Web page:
Competition among piglets is not of equal intensity at all parts of the sow's udder. The middle of the udder is supposed to be a much more competitive and stressful suckling environment, with a higher probability of individuals being involved in fighting with littermates.
We investigated whether behavioural patterns established when suckling during lactation reappear when piglets are forced to form a new dominance hierarchy after weaning, and how piglets with different early experiences cope with a new (artificially formed) social environment. We hypothesised that aggression is much more intensive in piglets that suckle in the middle of the udder, with these individuals exhibiting more unstable patterns during the establishment of social order in the new group. Two independent experiments were completed in the present study. During the period of lactation, teat order was examined by labelling piglets according to their position of suckling (A – anterior, M – middle and P – posterior part of the sow's udder). Experiment 1 involved 120 piglets – four mixed groups were created, each containing 30 piglets from all three parts of the udder. Experiment 2 involved 80 piglets – four groups were created, each containing 20 piglets, of which one was a mixed, while the other three were separate A, M and P piglets groups.
Results of the present study revealed that behavioural patterns that are established when suckling reappear when forced to form a new dominance hierarchy after weaning, and that the level of agonistic behaviour exhibited by individuals is in accordance to their suckling position. In both experiments M piglets exhibited significantly more aggression than A or P piglets (p < 0.05). The results also indicate the general instable nature of social order formation by M piglets.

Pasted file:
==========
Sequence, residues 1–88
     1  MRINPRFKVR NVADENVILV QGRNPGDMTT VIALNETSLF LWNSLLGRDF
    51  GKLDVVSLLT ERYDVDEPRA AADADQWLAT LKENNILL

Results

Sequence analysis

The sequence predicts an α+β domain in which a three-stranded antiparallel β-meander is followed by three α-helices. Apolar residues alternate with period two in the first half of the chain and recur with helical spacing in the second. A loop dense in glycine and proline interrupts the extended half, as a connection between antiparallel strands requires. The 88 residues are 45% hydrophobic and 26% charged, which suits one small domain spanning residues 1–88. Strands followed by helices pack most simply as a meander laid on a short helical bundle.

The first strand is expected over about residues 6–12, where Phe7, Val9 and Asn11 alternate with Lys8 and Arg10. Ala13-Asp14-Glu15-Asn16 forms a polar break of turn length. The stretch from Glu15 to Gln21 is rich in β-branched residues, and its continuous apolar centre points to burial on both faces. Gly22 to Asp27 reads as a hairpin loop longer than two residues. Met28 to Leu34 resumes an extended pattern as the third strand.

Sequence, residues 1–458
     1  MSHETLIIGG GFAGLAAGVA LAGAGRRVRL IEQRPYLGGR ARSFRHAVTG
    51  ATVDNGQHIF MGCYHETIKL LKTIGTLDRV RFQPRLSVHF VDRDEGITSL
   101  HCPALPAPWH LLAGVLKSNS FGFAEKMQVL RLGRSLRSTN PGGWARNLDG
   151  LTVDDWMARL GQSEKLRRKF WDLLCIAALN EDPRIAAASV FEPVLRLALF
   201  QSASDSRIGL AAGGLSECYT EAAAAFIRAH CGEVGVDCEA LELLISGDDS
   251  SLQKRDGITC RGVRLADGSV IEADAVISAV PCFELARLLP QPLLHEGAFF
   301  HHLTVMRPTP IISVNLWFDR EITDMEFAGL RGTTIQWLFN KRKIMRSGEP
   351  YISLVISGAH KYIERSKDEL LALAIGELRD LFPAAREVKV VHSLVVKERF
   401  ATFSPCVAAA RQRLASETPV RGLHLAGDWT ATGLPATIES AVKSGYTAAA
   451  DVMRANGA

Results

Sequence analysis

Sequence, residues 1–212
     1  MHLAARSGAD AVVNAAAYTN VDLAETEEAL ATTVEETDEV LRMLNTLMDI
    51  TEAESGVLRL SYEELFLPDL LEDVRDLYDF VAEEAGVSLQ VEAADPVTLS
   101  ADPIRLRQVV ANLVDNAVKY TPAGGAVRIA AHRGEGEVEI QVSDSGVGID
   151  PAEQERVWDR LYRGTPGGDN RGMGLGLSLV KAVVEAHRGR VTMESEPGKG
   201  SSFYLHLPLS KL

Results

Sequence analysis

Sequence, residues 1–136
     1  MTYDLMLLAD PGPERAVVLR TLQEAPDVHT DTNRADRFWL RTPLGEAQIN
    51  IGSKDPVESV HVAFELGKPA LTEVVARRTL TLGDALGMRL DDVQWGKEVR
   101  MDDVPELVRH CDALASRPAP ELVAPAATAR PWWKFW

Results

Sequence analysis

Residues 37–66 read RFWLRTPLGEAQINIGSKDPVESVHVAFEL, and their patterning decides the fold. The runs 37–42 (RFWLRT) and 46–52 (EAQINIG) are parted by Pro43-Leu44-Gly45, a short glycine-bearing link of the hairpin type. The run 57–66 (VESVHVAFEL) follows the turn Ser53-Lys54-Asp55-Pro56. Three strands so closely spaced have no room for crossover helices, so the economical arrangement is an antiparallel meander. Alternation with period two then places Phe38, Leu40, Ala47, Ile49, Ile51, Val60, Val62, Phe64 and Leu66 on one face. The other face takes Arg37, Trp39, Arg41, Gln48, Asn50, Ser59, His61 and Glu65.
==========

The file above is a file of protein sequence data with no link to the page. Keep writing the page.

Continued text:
These findings are expected to be useful for optimising the weaning process. Therefore, the suckling position of piglets should be considered when forming weaning groups, with special attention being given to M piglets. However, retaining the natural proportion of A, M and P piglets in the weaning group remains the most effective means of reducing the level of post-weaning aggression.
Janko Skok, Maja Prevolnik, Tina Urek, Nikolina Mesarec, Dejan Škorjanc. Behavioural patterns established during suckling reappear when piglets are forced to form a new dominance hierarchy. Applied Animal Behaviour Science. Volume 161, December 2014, Pages 42–50. doi:10.1016/j.applanim.2014.09.005